Notice the blue arrows in the matrix shown in FIG. 2 representing the reduction of risk deeper into an acceptance zone for two assets (such as turbines). It is recommended and possible to incorporate risk mitigation practices for all turbines in a plant, as well as other critical pieces of equipment, which lowers the combined risk of unwanted events.

Steam quality

Steam that drives the turbines can be either superheated, near saturation or wet. It is important to have steam without wetness as the drive source, and this is often the reason superheated steam is often selected for the design (FIG. 3).

FIG. 3. Dry steam cannot be distributed in a steam system. Steam is either superheated or wet.

There is a common misconception that plant steam is either superheated or saturated, but this is inaccurate because dry saturated steam cannot be sustained in a plant’s steam system.3 Boiler steam has significant wetness if not passed through a superheater, and usually much more wetness if generated from a waste heat boiler (FIG. 4). Steam quality without wetness is so important to turbine reliability that systems that are not supplied with superheated steam are recommended to have a best practice steam trapping design just before the turbine entry point, in addition to a steam separator and drain combination between that trapping location and the turbine entry point.

FIG. 4. If not superheated, steam contains substantial moisture that should be disentrained and drained.

The need for adequate drainage and separation can be seen by examining FIG. 5. Disentrained condensate flows along the bottom of the steam system piping and some water remains entrained in the steam flow for wet steam systems. A first stage of removal can be accomplished by installing a properly designed collecting leg for condensate capture (FIG. 6).

FIG. 5. All steam systems can have condensate flowing along the bottom of the pipe, and moisture is expected in flowing wet steam supply.
FIG. 6. A collecting leg must be adequately sized for high-velocity condensate to drain into it.

Capturing and discharging condensate

Consider that steam’s design pipe velocity is commonly at or above 90 mph.4 A key requirement is to remove the condensate flowing along the bottom of the pipeline that has already been disentrained from the vapor. If not removed, it can form dangerous slugs—many case histories of significant plant shutdowns due to the resulting damage caused are documented (FIG. 7). The velocity of steam under constant load requirement conditions elevates dramatically as the available non-liquid-filled portion of the pipe decreases, escalating the propulsion given to the slug to create turbine destruction (FIG. 8).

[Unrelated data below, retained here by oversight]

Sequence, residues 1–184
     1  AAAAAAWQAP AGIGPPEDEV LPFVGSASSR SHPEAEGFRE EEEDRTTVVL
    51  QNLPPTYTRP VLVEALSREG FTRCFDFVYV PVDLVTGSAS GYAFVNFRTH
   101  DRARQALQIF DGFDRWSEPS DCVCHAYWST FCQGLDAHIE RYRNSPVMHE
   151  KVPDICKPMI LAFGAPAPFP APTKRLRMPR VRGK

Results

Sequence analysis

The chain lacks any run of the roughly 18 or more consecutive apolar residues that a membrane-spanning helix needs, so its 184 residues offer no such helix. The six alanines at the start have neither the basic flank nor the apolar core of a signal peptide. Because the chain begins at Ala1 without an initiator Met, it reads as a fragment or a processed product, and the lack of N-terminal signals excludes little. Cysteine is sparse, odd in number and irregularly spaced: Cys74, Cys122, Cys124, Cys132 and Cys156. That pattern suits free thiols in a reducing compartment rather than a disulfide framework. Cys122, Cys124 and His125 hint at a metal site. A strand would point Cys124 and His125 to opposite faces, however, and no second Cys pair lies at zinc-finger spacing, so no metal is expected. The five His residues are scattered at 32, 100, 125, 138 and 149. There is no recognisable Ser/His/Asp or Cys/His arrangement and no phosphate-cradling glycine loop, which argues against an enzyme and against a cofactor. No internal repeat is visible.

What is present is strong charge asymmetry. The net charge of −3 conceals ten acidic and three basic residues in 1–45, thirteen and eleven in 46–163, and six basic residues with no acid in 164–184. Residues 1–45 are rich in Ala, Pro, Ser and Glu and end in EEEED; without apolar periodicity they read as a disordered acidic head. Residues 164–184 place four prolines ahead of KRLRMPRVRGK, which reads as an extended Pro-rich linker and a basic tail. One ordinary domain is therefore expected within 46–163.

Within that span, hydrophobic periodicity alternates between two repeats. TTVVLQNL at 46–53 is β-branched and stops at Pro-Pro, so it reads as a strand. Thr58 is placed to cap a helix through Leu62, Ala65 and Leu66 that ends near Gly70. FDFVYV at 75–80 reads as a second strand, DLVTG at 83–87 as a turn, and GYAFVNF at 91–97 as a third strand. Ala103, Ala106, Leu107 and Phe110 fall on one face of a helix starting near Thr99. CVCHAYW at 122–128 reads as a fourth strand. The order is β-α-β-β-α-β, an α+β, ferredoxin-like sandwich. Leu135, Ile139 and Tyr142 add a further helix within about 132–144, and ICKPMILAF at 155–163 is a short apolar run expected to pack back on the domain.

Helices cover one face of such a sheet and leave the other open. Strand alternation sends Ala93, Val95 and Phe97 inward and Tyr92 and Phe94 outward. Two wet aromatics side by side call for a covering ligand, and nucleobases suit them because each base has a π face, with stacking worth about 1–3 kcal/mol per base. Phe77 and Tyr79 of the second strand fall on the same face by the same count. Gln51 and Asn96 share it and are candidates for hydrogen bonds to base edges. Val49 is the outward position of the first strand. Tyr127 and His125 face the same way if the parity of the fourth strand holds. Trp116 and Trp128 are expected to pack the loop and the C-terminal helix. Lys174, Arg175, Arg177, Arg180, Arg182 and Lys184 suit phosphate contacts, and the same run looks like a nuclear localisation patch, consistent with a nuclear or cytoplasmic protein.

FIG. 7. As a slug’s mass builds and closes off the pipe’s cross-section, its velocity can rapidly accelerate.
FIG. 8. The potential damaged caused by slug-induced water hammer should not be underestimated.

Slug buildup can be mitigated by the installation and sustained maintenance of well-designed condensate collecting legs and steam trap stations, also known as CDLs (FIGS. 9 and 10).4 Turbine reliability begins with well-maintained utility lines.

FIG. 9. A properly designed collecting leg requires adequate diameter, depth and distance before the trap take-off.
FIG. 10. CDL refers to the entire pipe assembly used to drain condensate, including the steam trap, piping and all valves.

Another key improvement is to install an engineered separator and drain after an appropriate CDL and before entry into the turbine to disentrain a substantial amount of wetness that may be carried in the steam flow. This not only helps prevent erosion of the turbine blades, but also mitigates precipitate buildup. Examples are shown later in this article.

It is common to see a fog zone around turbines in many plants, the result of open steam bleeders with the intention to mitigate damage from condensate slugs (FIG. 11). Regardless, this practice often does not preclude incidents and proper CDL design and sustained maintenance are recommended.

FIG. 11. Fog zones can create visual hazards and still be ineffective to mitigate turbine damage.


A misconception persists regarding superheat systems: that because the steam is superheated, adequate CDLs are unnecessary. FIG. 12 shows a result in systems that are not adequately trapped. Water hammer from a slug of condensate moved a 400-ft. section of this 24-in., 220-psig superheated line a distance of 7 ft. When the drain valves were later opened, condensate drained continuously for 3 d.5 The moral of this case history is that superheated mains can carry a lot of condensate and require well-maintained CDLs.

FIG. 12. This 24-in., 220-psig superheated steam line had a 400-ft section moved 7 ft by slug hammer.

Turbine drainage

After utility lines are confirmed to have best-practice trapping and moisture separator installations, it is useful to examine at least seven areas on a turbine installation, starting with the inlet separator and continuing with multiple important stages through the turbine and its exhaust (FIG. 13).6

FIG. 13. Installing effective CDL at these seven drainage points can be crucial to improving turbine reliability.

The CDL before the separator is intended to remove condensate that has already been disentrained. Each stage of the turbine installation can pool condensate and appropriate CDLs can mitigate issues.